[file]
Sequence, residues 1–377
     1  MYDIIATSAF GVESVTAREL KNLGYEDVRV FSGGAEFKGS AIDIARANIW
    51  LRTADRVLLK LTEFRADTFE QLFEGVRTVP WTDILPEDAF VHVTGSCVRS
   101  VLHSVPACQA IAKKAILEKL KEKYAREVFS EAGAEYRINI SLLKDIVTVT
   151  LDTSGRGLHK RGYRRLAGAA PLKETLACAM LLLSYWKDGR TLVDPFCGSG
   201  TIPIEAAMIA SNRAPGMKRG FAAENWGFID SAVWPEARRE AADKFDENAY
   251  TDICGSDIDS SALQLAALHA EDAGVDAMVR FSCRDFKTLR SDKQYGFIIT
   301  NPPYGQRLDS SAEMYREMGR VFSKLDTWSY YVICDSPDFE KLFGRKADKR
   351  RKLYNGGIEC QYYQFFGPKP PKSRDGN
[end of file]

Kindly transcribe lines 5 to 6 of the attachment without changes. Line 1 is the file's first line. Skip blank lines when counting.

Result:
   151  LDTSGRGLHK RGYRRLAGAA PLKETLACAM LLLSYWKDGR TLVDPFCGSG
   201  TIPIEAAMIA SNRAPGMKRG FAAENWGFID SAVWPEARRE AADKFDENAY